Strangers to Us All Lawyers and Poetry

Fortunatus Cosby, Jr.


Fortunatus Cosby, Jr., a native of Kentucky, was born on May 2, 1802 at Harrod's Creek, near Louisville. His father, after whom he was named, was a prominent lawyer, member of the Kentucky legislature, and a circuit judge. Cosby was a student at Transylvania University in Lexington, Kentucky and graduated from Yale College in 1819 where he studied law. Cosby did not actively pursue his work as a lawyer. He took up residence in Washington, D.C. and worked as a clerk in the U.S. Treasury department and served as U.S. Consul at Geneva, Switzerland. Between 1840 and 1850, Cosby was a frequent contributor of poems and prose to Louisville newspapers (Louisville Journal) and other magazines. He died in Louisville, Kentucky on June 16, 1871 at age 69. [Sources: Rufus Wilmont Griswold, The Poets and Poetry of America 293 (New York: James Miller, Publisher, rev. ed., 1872); Lewis Collins, 1 History of Kentucky 559 (Covington, Kentucky: Collins & Co., 1878)(rev. & enlarged, Richard H. Collins)][See also, "Fortunatus Cosby, Jr.," in John Wilson townsend, Kentucky in American Letters 113-123 (Cendar Rapids, Iowa: Torch Press, 1913][online text][And see: Fannie Porter Dickey (ed.), Blades O'Bluegrass 325 (Louisville: John P. Morton & Co., 1892)][online text]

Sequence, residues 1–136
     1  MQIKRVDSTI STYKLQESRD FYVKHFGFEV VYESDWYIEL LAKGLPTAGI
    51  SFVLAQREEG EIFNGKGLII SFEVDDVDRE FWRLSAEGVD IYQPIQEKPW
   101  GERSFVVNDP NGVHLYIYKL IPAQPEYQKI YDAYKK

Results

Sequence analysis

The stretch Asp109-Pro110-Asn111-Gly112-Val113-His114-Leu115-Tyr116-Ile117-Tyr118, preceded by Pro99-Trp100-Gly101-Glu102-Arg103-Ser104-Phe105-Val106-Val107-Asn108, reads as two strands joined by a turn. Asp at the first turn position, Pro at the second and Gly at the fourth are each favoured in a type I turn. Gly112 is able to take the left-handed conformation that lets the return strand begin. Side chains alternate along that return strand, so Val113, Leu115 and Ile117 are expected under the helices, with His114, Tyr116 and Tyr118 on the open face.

"Mr. Cosby has been twice married—in 1825 at Louisville, and in 1854 at Washington City . . . . His son Robert, who died when he was about twenty years of age, gave promise of excellence as a poet. He was lamented by a large circle of friends as a young man of rare gifts." [William Turner Coggeshall, The Poets and Poetry of the West: With Biographical and Critical Notices 272 (Columbus, Ohio: Follett, Foster and Company, 1860)]

Property Transactions

[The property transactions referenced here
also involved William Haines Lytle, another lawyer poet]


Fortunatus Cosby, Jr., "Firside Fancies," in Bennett H. Young (ed.), Kentucky Eloquence. Past and Present. Library of Orations, After-Dinner Speeches, Popular and Classic Lectures Addresses and Poetry 444-445 (Louisville, Kentucky: Ben LaBree, 1907) [online text]